Author Topic: For those on Rituximab or Orencia  (Read 491 times)

Sharon

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For those on Rituximab or Orencia
« on: February 07, 2019, 02:55:07 PM »
A question for those on Rituximab or Orencia:
Did the use of these biologicals actually lower your ANA levels in blood serum?

(I know not everybody believes that's an indicator of illness activity, but I would expect that if these meds suppress our illness that it should be reflected in antibody levels).
Sjogren's (+ RA?) positive ANA, RNP, RNP-A, APCA salivary gland swelling, dry mouth & eyes,, eyelid swelling & redness, photosensitivity, fatigue, severe joint pain, multiple sensitivities and allergic reactions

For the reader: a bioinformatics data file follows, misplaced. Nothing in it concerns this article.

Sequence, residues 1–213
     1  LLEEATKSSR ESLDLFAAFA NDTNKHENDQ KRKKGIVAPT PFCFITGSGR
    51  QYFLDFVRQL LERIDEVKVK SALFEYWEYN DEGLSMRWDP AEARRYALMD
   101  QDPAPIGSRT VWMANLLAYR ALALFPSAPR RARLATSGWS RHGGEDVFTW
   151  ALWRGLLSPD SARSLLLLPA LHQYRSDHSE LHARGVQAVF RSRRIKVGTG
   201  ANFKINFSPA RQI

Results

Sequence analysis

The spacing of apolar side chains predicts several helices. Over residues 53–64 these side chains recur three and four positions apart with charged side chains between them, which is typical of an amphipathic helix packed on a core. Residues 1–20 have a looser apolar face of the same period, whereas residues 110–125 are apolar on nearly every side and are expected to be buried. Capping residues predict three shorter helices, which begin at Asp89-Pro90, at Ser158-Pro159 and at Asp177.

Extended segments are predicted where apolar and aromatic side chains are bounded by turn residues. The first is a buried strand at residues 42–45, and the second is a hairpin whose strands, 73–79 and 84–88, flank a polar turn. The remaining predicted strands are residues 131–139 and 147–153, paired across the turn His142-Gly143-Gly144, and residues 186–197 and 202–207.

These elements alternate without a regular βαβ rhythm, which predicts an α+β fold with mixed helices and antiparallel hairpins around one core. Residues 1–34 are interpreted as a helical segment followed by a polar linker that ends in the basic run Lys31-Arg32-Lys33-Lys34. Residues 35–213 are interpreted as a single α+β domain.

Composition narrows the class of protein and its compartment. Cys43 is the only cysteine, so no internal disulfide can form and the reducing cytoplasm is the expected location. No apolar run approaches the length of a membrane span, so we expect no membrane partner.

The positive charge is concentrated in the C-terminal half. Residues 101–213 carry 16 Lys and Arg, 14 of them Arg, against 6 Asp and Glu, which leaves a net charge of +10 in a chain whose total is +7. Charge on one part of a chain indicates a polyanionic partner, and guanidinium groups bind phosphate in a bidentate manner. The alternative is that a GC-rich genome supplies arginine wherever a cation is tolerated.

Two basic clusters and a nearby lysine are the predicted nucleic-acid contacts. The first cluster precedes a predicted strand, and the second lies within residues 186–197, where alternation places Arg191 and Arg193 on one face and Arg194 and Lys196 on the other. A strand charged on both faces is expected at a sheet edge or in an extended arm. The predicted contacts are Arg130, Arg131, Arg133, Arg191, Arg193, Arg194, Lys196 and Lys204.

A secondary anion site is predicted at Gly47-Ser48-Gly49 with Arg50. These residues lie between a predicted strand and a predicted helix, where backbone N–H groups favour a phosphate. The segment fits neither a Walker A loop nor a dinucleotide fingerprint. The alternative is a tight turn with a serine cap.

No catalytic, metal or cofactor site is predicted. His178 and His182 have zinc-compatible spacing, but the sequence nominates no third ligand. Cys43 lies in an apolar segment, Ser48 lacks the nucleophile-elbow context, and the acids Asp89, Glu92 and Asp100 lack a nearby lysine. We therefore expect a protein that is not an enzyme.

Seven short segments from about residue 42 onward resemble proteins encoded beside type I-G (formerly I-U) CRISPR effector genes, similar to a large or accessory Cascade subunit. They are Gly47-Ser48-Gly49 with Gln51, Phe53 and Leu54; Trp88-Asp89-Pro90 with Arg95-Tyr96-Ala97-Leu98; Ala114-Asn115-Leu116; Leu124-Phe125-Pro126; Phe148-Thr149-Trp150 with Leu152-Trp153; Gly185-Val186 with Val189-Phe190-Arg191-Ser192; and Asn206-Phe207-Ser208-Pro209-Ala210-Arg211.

Orencia, Restasis, Paleo Diet, Vit. D & C, Ubiquinol 200mg, Omega 3...

rnathans

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Re: For those on Rituximab or Orencia
« Reply #1 on: February 07, 2019, 09:12:36 PM »
We do not even check mine but they have always been low positive or negative in the past

markt

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Re: For those on Rituximab or Orencia
« Reply #2 on: February 08, 2019, 03:50:49 AM »
https://www.sciencedirect.com/science/article/pii/S1521661617301742

2. Effects of rituximab on B cell hyperactivity
2.1. Systemic markers of B cell hyperactivity